SANTA FE – A bipartisan group of U.S. senators from five states, including New Mexico Democrats Martin Heinrich and Tom Udall, is urging Amtrak to keep train passenger service over all of the route of the Southwest Chief, which runs daily between Chicago and Los Angeles.
New Mexico’s delegation also joined senators from Kansas and Colorado in introducing an amendment to an appropriation bill approved by the Senate on Wednesday that states “long-distance passenger rail routes and services should be sustained to ensure connectively” throughout the country’s rail network.
Amtrak is considering replacement of train service on the Southwest Chief route between Albuquerque and Dodge City, Kan. with chartered bus service. It says the “financial investment of the magnitude needed to retain this portion of the route is not prudent.” Amtrak is under the gun to meet certain rails safety standards by the end of the year.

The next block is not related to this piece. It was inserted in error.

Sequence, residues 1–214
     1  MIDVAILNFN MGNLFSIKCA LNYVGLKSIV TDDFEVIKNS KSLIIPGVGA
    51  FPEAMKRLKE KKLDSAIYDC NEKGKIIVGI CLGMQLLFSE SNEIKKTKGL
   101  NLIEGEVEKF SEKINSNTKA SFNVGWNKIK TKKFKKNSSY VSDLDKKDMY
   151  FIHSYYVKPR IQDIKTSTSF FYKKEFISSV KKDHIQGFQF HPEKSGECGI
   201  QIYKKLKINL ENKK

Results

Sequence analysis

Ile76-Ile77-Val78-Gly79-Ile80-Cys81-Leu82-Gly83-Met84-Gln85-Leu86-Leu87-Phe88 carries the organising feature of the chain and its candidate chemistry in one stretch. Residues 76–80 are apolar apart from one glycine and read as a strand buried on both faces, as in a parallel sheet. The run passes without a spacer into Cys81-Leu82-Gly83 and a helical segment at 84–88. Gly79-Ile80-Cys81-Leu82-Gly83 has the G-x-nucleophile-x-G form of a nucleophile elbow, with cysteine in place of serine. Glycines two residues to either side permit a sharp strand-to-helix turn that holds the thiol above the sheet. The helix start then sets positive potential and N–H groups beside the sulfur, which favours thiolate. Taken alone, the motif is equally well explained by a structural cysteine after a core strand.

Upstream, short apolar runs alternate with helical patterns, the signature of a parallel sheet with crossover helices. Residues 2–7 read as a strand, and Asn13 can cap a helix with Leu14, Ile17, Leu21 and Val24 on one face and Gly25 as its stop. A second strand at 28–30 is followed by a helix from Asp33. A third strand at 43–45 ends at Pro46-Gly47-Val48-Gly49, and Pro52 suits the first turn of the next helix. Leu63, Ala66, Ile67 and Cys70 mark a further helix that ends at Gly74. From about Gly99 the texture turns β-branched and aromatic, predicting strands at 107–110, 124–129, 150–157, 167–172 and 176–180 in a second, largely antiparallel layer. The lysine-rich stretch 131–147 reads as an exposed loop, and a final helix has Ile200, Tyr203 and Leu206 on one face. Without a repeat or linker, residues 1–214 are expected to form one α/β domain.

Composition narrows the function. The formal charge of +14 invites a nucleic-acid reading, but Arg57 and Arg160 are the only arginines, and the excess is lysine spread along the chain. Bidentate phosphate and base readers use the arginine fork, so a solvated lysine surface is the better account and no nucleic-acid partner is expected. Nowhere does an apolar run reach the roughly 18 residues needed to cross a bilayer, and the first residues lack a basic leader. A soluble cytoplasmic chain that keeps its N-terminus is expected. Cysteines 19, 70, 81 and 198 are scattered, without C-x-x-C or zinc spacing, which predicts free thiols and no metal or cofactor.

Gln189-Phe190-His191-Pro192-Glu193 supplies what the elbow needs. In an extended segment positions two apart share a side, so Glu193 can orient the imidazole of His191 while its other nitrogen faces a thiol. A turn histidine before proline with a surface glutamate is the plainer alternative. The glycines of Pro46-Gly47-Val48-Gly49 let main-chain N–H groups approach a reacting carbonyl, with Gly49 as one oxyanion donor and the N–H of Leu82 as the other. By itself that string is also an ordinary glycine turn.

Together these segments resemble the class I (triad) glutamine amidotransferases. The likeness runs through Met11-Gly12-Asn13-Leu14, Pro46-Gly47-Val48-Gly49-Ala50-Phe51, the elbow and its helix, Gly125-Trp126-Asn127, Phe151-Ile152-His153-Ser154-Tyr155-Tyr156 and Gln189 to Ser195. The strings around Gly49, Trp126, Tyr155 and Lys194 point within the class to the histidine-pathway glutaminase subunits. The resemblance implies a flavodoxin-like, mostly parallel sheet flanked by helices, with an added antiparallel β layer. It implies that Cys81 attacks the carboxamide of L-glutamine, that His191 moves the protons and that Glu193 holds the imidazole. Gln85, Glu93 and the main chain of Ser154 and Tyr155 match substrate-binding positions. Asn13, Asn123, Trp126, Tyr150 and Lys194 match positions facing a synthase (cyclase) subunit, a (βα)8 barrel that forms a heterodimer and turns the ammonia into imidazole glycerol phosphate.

The change would eliminate New Mexico Amtrak stops at Raton, Las Vegas and Lamy southeast of Santa Fe.
Amtrak CEO Richard Anderson has also backed off a commitment to contribute $3 million for its share of a so-called TIGER grant to upgrade hundreds of miles of track, most of it through northeast New Mexico.
“The potential suspension of rail service has raised serious concerns among our constituents who depend on the Southwest Chief,” the senators wrote. “We strongly disagree with such a decision and urge you to uphold Amtrak’s commitment to intercity rail service across the entire national network, particularly through our rural communities.”
The senators also ask Amtrak to uphold its commitment to the TIGER grant and urges Amtrak, created by Congress in 1970 to preserve intercity passenger rail service, to seeking further funding through a Federal Railroad Administration program that has more than $318 million in grant funding available.
The letter is signed by Heinrich, Udall, and fellow Democratic senators Michael Bennet, of Colorado; Richard Durbin and Tammy Duckworth, of Illinois; Dianne Feinstein and Kamala Harris, of California; and Republicans Pat Roberts and Jerry Moran, of Kansas; and Cory Gardner, of Colorado.